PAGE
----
Rising prices eating into farmers' income
By Fu Jing and Wang Lan (China Daily)
Updated: 2008-07-25 09:14

Rising prices eating into farmers' income
A farmer sieves grain in Haikou, Hainan province, early this month. While the country enjoys a bumper harvest this year, farmers' incomes have decreased with rising fuel and fertilizer costs. [China Daily]
Rising prices eating into farmers' income

A dozen Big Macs - that is what a Chinese farmer will be able to buy with his earnings from one mu (0.066 hectares) of wheat this summer.

It is also about four burgers less than what he could afford last year.

Farming one mu of wheat will yield 153 yuan ($22) of net income this summer, a recent official survey on farmers' income has showed.

Rising production costs was cited as a major reason behind the decrease in income.

"In spite of growing government subsidies in agriculture, we should be alarmed that it's increasingly hard for farmers to grow their income amid rising costs," the country's top legislative body, the National People's Congress (NPC), said in a recent bundle of suggestions to the central government.

The NPC's suggestions were followed by an announcement from the National Bureau of Statistics yesterday, which said that farmers' per capita income hit 2,528 yuan for the first half of the year, an increase of 10.3 percent over the same period last year, after adjusting for inflation.

About one-third of the farmers' income is also reportedly earned from their stints as migrant workers in factories, mines and construction sites, while the sale of farm produce was said to have helped them earn 1,080 yuan each, up 22.1 percent year-on-year.

But the pace had slowed by three percentage points, when compared with the growth rate of 13.3 percent in the first half of last year. The decrease is considered a wide fluctuation since 2004, when the growth rate of farmers' income started to accelerate after years of less than 5 percent annual growth.

Similarly, thinner profit margins have forced the farmers to downsize their planting acreage.

Li Taiai, a 58-year-old farmer in Zhongcaiwan village of Shandong province, said the land for growing grain in his village has shrunk by one-third in the past five years.

"More and more grain growers are shifting to planting vegetables, which can generate much higher profit in a shorter time," Li said. Just a few years ago, half of the land was used to grow wheat and other grain, he said.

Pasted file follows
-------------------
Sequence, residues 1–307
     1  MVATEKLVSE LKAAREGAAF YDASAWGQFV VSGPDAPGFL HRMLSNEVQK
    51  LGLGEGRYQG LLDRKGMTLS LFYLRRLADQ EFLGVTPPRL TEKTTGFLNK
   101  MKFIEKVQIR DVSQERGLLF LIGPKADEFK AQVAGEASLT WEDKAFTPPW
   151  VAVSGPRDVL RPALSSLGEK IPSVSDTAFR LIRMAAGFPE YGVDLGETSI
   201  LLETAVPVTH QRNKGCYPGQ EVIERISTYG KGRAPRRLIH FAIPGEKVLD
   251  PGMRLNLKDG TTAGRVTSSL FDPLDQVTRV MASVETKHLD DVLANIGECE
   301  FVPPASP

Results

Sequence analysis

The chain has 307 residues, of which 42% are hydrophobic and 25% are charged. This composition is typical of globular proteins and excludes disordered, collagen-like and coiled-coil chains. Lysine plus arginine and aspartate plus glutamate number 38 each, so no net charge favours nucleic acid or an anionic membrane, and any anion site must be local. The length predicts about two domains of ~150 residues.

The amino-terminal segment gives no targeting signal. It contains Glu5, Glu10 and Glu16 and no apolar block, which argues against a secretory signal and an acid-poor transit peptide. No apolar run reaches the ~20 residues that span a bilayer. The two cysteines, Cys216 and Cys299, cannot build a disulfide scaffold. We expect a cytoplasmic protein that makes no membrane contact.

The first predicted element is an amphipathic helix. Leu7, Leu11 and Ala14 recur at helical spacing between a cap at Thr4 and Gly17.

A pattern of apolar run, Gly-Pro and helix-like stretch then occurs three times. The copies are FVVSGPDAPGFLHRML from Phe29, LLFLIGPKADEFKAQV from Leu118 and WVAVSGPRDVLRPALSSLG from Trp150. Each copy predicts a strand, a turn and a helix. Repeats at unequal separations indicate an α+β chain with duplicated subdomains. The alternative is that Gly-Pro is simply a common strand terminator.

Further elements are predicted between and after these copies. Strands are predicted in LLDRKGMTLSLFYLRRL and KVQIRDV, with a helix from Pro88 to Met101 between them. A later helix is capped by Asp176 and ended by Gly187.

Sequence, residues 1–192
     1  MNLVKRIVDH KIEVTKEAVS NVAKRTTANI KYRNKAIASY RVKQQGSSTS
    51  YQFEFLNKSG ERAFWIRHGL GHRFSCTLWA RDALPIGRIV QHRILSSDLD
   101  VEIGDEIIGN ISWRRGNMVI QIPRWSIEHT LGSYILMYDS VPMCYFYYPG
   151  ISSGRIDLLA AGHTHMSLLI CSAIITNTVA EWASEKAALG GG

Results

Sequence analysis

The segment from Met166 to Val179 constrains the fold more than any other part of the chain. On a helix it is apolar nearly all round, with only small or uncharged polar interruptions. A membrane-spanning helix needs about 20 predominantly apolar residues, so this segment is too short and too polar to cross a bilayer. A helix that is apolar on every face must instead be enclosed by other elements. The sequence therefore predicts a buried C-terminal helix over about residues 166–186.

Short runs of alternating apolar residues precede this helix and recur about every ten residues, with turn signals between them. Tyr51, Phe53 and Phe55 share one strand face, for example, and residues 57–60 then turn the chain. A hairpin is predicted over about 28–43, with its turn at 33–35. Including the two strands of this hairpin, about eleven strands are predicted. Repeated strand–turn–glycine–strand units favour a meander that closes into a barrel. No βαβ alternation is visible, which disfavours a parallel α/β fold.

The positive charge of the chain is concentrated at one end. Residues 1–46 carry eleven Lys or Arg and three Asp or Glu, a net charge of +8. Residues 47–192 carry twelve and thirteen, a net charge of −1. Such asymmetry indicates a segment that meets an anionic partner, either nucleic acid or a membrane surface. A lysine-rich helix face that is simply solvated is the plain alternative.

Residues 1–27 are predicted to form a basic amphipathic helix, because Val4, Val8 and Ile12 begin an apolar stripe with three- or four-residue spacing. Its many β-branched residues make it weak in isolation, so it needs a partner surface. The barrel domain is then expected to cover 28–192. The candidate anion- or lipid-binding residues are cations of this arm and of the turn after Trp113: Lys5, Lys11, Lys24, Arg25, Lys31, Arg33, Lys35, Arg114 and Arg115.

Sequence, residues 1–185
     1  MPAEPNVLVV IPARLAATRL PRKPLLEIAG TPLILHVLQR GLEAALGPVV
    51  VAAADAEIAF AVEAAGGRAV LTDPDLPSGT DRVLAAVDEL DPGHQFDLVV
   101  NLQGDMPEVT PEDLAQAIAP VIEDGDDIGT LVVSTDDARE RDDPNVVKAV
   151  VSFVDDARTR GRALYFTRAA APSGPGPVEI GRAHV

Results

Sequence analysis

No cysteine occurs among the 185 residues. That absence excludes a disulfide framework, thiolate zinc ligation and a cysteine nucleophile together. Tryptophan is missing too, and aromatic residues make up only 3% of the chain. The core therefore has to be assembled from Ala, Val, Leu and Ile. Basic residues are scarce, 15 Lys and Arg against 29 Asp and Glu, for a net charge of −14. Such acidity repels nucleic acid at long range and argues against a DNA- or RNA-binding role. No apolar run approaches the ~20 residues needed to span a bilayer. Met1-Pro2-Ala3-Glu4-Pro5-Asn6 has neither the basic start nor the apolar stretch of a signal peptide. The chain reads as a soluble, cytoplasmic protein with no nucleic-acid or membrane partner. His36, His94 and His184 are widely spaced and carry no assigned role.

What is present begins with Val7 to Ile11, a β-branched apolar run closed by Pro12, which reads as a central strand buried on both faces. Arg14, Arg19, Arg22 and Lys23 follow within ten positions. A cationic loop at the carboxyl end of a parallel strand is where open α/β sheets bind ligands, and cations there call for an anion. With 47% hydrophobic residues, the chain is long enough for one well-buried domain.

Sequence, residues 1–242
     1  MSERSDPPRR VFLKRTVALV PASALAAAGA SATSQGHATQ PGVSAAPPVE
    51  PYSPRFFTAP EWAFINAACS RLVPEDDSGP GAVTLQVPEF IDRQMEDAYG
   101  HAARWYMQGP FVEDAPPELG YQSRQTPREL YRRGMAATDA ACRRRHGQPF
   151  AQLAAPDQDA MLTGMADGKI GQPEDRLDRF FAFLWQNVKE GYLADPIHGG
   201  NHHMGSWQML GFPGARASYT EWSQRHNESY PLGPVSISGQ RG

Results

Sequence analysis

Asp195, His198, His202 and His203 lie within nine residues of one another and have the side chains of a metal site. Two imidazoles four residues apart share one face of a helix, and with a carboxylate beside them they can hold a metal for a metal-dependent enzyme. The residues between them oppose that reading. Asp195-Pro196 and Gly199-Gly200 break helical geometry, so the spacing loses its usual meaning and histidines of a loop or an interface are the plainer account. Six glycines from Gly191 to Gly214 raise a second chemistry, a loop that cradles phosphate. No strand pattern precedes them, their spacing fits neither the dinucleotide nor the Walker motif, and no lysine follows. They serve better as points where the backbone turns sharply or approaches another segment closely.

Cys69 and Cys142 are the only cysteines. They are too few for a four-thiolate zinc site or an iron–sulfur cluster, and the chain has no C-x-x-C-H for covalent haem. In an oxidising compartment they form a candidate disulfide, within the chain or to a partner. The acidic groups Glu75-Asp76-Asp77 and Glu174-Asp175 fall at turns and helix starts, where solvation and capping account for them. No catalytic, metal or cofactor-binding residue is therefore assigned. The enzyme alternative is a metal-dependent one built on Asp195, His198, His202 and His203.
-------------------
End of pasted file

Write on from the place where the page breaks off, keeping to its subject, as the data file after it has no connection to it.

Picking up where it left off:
For instance, the yield from a mix of cucumber, tomato and radish per mu can amount to 5,000 to 6,000 yuan each season, which is more than 10 times that of wheat.

"Vegetables from our village are sold not only in China but also exported to Japan and South Korea," Li said.

"The increasing demand and plus decent prices in turn continues to attract more growers to cultivate vegetable greenhouses instead of wheat fields."

In response to such trends, the authorities have rolled out measures to protect grain purchase prices and given out grain subsidies to encourage farmers to grow grain.

In the beginning of the year, the State Council approved 95.06 billion yuan in subsidies for farmers - with 1 billion yuan going to those who grew wheat and oilseed.

Similarly, the central authorities vowed this year to spend 562.5 billion yuan to support farmers and the rural sector, 130.7 billion yuan more than last year.

It decided in March to allocate another 25.25 billion yuan to this year's budget for the sector, mainly to subsidize farmers' purchase of seed, diesel, fertilizer and other production costs.

To further secure the country's food and grain reserves, the government has also worked out compulsory requirements on planting areas and varieties of grain being farmed.

Still, farmer Li said a "protective price system" to ensure grain prices did not guarantee a steady increase income along with the rise in costs. The prices at which grain was being sold to collectives remained more or less the same over the past several years, Li said.

"But fertilizer and fuel costs have continued to increase," Li said. "Our net income has, in effect, dropped from the year before."

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